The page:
**Thus I think the present state of research in algorithm design misunderstands the true nature of efficiency. The literature exhibits a dangerous trend in contemporary views of what deserves to be published.**

But here's the whole question/answer for context.

**15. Robert Tarjan, Princeton:**What do you see as the most promising directions for future work in algorithm design and analysis? What interesting and important open problems do you see?

**Don Knuth:**My current draft about satisfiability already mentions 25 research problems, most of which are not yet well known to the theory community. Hence many of them might well be answered before Volume 4B is ready. Open problems pop up everywhere and often. But your question is, of course, really intended to be much more general.

In general I'm looking for more focus on algorithms that work fast with respect to problems whose size,

*n*, is

*feasible*. Most of today's literature is devoted to algorithms that are asymptotically great, but they are helpful only when

*n*exceeds the size of the universe.

In one sense such literature makes my life easier, because I don't have to discuss those methods in TAOCP. I'm emphatically

*not*against pure research, which significantly sharpens our abilities to deal with practical problems and which is interesting in its own right. So I sometimes play asymptotic games. But I sure wouldn't mind seeing a lot more algorithms that I could also use.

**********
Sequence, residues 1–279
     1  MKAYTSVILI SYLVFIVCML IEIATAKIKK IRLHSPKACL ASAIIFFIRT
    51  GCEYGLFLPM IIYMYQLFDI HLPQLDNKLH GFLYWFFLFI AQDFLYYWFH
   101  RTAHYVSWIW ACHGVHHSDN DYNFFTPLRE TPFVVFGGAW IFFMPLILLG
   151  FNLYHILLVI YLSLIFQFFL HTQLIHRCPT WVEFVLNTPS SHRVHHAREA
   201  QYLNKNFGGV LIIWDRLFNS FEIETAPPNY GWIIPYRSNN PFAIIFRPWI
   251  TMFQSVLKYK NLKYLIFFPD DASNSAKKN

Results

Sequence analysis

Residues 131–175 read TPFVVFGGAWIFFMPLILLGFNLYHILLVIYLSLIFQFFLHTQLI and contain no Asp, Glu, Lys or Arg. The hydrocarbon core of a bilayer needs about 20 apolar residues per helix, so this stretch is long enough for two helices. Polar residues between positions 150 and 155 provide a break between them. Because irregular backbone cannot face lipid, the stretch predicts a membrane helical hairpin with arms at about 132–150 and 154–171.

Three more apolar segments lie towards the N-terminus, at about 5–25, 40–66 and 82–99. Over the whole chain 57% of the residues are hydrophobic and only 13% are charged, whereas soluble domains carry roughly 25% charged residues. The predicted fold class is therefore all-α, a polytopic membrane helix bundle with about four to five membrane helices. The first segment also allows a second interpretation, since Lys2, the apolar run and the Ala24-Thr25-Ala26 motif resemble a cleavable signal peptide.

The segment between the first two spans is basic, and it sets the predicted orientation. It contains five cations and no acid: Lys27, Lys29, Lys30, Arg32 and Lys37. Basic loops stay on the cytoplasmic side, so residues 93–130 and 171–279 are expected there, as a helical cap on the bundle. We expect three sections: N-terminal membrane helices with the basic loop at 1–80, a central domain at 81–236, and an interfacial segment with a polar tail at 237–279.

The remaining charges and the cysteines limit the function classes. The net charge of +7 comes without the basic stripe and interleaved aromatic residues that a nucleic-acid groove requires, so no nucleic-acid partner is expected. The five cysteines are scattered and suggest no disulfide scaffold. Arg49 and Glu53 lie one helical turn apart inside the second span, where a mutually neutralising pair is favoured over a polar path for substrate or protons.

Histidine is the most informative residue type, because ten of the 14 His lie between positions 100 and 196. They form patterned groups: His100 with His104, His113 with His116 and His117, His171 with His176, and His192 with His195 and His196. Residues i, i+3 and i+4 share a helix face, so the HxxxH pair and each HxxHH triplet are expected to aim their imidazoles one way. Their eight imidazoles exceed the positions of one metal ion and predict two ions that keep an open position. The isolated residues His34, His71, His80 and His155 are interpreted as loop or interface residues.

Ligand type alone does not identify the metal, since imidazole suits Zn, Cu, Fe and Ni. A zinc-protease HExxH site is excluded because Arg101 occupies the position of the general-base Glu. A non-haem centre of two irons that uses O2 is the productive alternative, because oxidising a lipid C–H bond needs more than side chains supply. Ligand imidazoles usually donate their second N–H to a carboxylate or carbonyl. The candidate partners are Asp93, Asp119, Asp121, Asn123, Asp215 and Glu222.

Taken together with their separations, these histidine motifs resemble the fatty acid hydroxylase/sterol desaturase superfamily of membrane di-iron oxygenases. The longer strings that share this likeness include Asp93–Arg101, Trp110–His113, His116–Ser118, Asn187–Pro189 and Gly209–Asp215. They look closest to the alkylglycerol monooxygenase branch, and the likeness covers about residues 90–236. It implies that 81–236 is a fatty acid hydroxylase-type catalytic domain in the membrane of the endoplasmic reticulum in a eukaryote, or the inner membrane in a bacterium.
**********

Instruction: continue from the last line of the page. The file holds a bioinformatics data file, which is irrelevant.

For instance, I've been reading about algorithms that decide whether or not a given graph

*G*belongs to a certain class. Is

*G*, say, chordal? You and others discovered some great algorithms for the chordality and minimum fillin problems, early on, and an enormous number of extremely ingenious procedures have subsequently been developed for characterizing the graphs of other classes. But I've been surprised to discover that very few of these newer algorithms have actually been implemented. They exist only on paper, and often with details only sketched.

Two years ago I needed an algorithm to decide whether

*G*is a so-called comparability graph, and was disappointed by what had been published. I believe that all of the supposedly "most efficient" algorithms for that problem are too complicated to be trustworthy, even if I had a year to implement one of them.

Thus I think the present state of research in algorithm design misunderstands the true nature of efficiency. The literature exhibits a dangerous trend in contemporary views of what deserves to be published.

Another issue, when we come down to earth, is the efficiency of algorithms on real computers. As part of the Stanford GraphBase project I implemented four algorithms to compute minimum spanning trees of graphs, one of which was the very pretty method that you developed with Cheriton and Karp. Although I was expecting your method to be the winner, because it examines much of the data only half as often as the others, it actually came out two to three times

*worse*than Kruskal's venerable method. Part of the reason was poor cache interaction, but the main cause was a large constant factor hidden by

*O*notation.

## 8 comments: